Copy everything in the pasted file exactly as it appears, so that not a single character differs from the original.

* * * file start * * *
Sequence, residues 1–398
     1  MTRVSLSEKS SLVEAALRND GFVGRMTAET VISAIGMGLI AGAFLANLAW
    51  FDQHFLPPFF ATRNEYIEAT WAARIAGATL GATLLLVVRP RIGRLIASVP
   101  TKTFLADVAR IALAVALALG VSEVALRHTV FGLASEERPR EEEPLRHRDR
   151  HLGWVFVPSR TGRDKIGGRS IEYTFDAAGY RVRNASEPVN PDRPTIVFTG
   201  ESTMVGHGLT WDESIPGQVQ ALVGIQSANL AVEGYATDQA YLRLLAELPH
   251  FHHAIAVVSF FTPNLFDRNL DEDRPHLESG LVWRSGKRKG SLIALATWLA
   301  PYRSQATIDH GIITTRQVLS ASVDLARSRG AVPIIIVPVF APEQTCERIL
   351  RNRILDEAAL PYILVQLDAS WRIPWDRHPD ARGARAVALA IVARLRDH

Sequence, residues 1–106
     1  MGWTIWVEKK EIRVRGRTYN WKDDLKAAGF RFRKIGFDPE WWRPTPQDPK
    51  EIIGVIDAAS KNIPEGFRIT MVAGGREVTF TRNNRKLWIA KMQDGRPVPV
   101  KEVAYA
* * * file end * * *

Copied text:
Sequence, residues 1–398
     1  MTRVSLSEKS SLVEAALRND GFVGRMTAET VISAIGMGLI AGAFLANLAW
    51  FDQHFLPPFF ATRNEYIEAT WAARIAGATL GATLLLVVRP RIGRLIASVP
   101  TKTFLADVAR IALAVALALG VSEVALRHTV FGLASEERPR EEEPLRHRDR
   151  HLGWVFVPSR TGRDKIGGRS IEYTFDAAGY RVRNASEPVN PDRPTIVFTG
   201  ESTMVGHGLT WDESIPGQVQ ALVGIQSANL AVEGYATDQA YLRLLAELPH
   251  FHHAIAVVSF FTPNLFDRNL DEDRPHLESG LVWRSGKRKG SLIALATWLA
   301  PYRSQATIDH GIITTRQVLS ASVDLARSRG AVPIIIVPVF APEQTCERIL
   351  RNRILDEAAL PYILVQLDAS WRIPWDRHPD ARGARAVALA IVARLRDH

Sequence, residues 1–106
     1  MGWTIWVEKK EIRVRGRTYN WKDDLKAAGF RFRKIGFDPE WWRPTPQDPK
    51  EIIGVIDAAS KNIPEGFRIT MVAGGREVTF TRNNRKLWIA KMQDGRPVPV
   101  KEVAYA